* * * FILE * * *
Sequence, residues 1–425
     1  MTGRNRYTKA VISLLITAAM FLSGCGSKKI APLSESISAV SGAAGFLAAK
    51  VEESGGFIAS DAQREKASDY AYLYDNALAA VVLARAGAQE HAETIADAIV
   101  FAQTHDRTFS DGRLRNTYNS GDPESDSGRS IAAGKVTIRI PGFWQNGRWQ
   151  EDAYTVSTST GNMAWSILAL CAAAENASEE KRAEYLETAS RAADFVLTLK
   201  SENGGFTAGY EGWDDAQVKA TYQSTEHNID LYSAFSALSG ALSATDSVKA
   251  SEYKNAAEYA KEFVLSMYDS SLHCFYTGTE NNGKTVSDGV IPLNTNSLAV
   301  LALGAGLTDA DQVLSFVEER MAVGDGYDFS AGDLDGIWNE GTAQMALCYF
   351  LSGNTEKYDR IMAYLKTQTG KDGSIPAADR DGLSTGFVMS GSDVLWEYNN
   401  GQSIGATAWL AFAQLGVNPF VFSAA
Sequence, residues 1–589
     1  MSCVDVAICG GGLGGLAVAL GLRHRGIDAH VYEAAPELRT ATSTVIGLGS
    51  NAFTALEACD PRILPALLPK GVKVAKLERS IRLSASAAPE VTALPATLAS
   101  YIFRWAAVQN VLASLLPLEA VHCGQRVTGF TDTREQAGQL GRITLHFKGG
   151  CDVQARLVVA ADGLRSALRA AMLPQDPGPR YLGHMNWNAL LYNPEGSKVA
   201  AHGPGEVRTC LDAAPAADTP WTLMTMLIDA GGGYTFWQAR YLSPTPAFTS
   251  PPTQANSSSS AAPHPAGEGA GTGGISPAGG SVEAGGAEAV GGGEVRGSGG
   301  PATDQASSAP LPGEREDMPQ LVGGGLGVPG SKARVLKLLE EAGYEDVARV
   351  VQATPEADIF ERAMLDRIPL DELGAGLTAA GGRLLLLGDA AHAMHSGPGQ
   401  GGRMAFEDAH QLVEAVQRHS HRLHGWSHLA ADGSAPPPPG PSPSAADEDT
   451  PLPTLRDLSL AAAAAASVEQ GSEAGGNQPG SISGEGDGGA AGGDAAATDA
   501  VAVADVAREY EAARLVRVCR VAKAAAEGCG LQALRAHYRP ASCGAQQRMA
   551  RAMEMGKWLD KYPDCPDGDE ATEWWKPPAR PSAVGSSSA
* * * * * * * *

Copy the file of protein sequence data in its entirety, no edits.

Sequence, residues 1–425
     1  MTGRNRYTKA VISLLITAAM FLSGCGSKKI APLSESISAV SGAAGFLAAK
    51  VEESGGFIAS DAQREKASDY AYLYDNALAA VVLARAGAQE HAETIADAIV
   101  FAQTHDRTFS DGRLRNTYNS GDPESDSGRS IAAGKVTIRI PGFWQNGRWQ
   151  EDAYTVSTST GNMAWSILAL CAAAENASEE KRAEYLETAS RAADFVLTLK
   201  SENGGFTAGY EGWDDAQVKA TYQSTEHNID LYSAFSALSG ALSATDSVKA
   251  SEYKNAAEYA KEFVLSMYDS SLHCFYTGTE NNGKTVSDGV IPLNTNSLAV
   301  LALGAGLTDA DQVLSFVEER MAVGDGYDFS AGDLDGIWNE GTAQMALCYF
   351  LSGNTEKYDR IMAYLKTQTG KDGSIPAADR DGLSTGFVMS GSDVLWEYNN
   401  GQSIGATAWL AFAQLGVNPF VFSAA
Sequence, residues 1–589
     1  MSCVDVAICG GGLGGLAVAL GLRHRGIDAH VYEAAPELRT ATSTVIGLGS
    51  NAFTALEACD PRILPALLPK GVKVAKLERS IRLSASAAPE VTALPATLAS
   101  YIFRWAAVQN VLASLLPLEA VHCGQRVTGF TDTREQAGQL GRITLHFKGG
   151  CDVQARLVVA ADGLRSALRA AMLPQDPGPR YLGHMNWNAL LYNPEGSKVA
   201  AHGPGEVRTC LDAAPAADTP WTLMTMLIDA GGGYTFWQAR YLSPTPAFTS
   251  PPTQANSSSS AAPHPAGEGA GTGGISPAGG SVEAGGAEAV GGGEVRGSGG
   301  PATDQASSAP LPGEREDMPQ LVGGGLGVPG SKARVLKLLE EAGYEDVARV
   351  VQATPEADIF ERAMLDRIPL DELGAGLTAA GGRLLLLGDA AHAMHSGPGQ
   401  GGRMAFEDAH QLVEAVQRHS HRLHGWSHLA ADGSAPPPPG PSPSAADEDT
   451  PLPTLRDLSL AAAAAASVEQ GSEAGGNQPG SISGEGDGGA AGGDAAATDA
   501  VAVADVAREY EAARLVRVCR VAKAAAEGCG LQALRAHYRP ASCGAQQRMA
   551  RAMEMGKWLD KYPDCPDGDE ATEWWKPPAR PSAVGSSSA